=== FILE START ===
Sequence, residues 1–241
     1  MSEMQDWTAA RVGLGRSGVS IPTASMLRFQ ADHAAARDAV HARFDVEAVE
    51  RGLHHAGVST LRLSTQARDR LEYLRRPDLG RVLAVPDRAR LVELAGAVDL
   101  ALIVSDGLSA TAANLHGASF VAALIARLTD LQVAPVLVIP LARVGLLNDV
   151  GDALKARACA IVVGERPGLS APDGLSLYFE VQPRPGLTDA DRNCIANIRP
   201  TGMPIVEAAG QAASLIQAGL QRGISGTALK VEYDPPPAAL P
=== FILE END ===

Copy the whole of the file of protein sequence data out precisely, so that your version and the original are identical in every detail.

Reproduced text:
Sequence, residues 1–241
     1  MSEMQDWTAA RVGLGRSGVS IPTASMLRFQ ADHAAARDAV HARFDVEAVE
    51  RGLHHAGVST LRLSTQARDR LEYLRRPDLG RVLAVPDRAR LVELAGAVDL
   101  ALIVSDGLSA TAANLHGASF VAALIARLTD LQVAPVLVIP LARVGLLNDV
   151  GDALKARACA IVVGERPGLS APDGLSLYFE VQPRPGLTDA DRNCIANIRP
   201  TGMPIVEAAG QAASLIQAGL QRGISGTALK VEYDPPPAAL P